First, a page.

Bridges - Dialogues Towards a Culture of Peace

Bridges
- Dialogues Towards a Culture of Peace

IV: Why Have Global Markets Failed to Reduce Inequality?

Through the Asia Leadership Center, The University of Cambodia hosted the fourth in the current series of Bridges Dialogues on January 20, 2010. Nobel Laureate Professor Eric S. Maskin was the guest speaker and received an honorary doctorate in Economics from Dr. Haruhisa Handa, Chancellor of the University of Cambodia (UC), for his life-time contributions in the field of economics.

In a packed UC Conference Center, Professor Maskin delivered a riveting presentation on a topic which he is passionate about and that is relevant to the current context of Cambodia, the connection between global markets, globalization, and inequality. He explained that economic globalization, an increase of trade and production between countries, has dramatically risen in the past 20 years due to decreased communication and transport costs, as well as the removal of trade barriers.

According to Professor Maskin, globalization has promised the developing world two main things, which its proponents continue to assert: 1) it will help developing nations become prosperous, and 2) it will reduce inequality, the gap between the rich and poor, within these countries. He agreed that globalization has delivered, for the most part, on its first promise and cited China and India as “spectacular” examples of countries that have effectively utilized access to global markets and have reaped significant financial benefits as a result. However, globalization has not delivered on its second promise and instead has reduced inequality within some of these countries.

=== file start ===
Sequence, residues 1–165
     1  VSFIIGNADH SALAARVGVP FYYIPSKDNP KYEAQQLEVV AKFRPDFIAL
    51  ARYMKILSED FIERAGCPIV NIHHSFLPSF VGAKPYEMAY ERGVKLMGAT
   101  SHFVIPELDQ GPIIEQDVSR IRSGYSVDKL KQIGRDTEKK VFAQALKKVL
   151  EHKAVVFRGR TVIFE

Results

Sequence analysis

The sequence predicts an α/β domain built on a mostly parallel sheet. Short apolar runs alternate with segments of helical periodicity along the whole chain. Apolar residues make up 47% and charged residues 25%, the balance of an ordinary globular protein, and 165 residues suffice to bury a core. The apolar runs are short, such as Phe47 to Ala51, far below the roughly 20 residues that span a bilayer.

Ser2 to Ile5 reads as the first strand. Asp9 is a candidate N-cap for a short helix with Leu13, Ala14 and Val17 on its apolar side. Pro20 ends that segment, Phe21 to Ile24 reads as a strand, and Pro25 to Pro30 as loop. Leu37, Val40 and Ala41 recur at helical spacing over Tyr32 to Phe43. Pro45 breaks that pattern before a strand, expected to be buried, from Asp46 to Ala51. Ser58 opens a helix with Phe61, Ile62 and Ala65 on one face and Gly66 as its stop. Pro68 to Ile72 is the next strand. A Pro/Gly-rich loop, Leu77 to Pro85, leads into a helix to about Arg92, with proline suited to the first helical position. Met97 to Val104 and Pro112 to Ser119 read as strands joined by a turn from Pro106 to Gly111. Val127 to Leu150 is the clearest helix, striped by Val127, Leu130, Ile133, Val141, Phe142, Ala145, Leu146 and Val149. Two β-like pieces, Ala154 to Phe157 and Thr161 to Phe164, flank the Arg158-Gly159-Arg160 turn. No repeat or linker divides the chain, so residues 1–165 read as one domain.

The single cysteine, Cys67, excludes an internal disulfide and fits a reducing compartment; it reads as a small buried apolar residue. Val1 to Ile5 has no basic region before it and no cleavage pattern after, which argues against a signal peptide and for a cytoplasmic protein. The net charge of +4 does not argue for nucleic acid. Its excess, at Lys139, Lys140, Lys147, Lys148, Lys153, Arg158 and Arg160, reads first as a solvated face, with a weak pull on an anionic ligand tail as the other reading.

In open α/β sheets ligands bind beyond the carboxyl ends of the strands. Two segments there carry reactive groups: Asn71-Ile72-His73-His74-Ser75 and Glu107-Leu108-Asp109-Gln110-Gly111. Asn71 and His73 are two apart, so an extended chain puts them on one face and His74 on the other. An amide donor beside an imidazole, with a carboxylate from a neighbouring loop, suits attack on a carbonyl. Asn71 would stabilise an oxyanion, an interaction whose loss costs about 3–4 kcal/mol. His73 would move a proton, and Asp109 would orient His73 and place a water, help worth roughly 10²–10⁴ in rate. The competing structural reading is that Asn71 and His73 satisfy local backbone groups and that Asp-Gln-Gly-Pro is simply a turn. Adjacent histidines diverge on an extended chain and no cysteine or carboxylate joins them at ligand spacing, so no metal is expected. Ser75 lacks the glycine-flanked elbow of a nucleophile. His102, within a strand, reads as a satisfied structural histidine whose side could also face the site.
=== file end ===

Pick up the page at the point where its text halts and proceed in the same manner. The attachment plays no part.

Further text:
“In fact in many developing countries the gap between the rich and poor has actually increased as a result of globalization, and I am afraid to say that. . .Cambodia is such an example,” noted Professor Maskin. “Although Cambodia has made a lot of progress over the last ten years or so economically
speaking, inequality has certainly increased.”

Cambodia is not alone in this problem; other countries in Asia and Latin America are also experiencing a rise in inequality, which is cause for concern. Professor Maskin identified three main reasons why reducing inequality in countries around the world is important: 1) The egalitarian argument - Egalitarianism advocates economic equality amongst people and puts forth the notion that everyone is entitled to the same basic rights.
2) Eradication of poverty - Many people in developing nations are living below the poverty line and may potentially be worse off because of globalization
3) Political Stability - Countries with large inequality tend to be unstable societies.

“In order to have peace, we must have an economic system that creates inclusive opportunities for those economically deprived, especially the poor unskilled workers.”
Professor David J. Gross,
Nobel Laureate

Professor Maskin argued that, even if people do not support the first two reasons, “from a practical standpoint, you still must care about inequality because highly unequal societies also tend to be highly unstable societies.
It’s very difficult to keep societies together politically or socially if there are enormous gaps in well-being, in income.”
The rise in inequality in poor countries resulting
from increased globalization is quite unexpected, Professor Maskin pointed out,

and runs counter to the prevailing theory of comparative advantage. This theory refers to a party’s ability to produce a product or service at a lower opportunity cost, or with greater efficiency, than another party. Countries
trade because of these differences, the most important of which are “factors of production,” namely labor (both high- and low-skill workers), capital (machinery and technology), and land.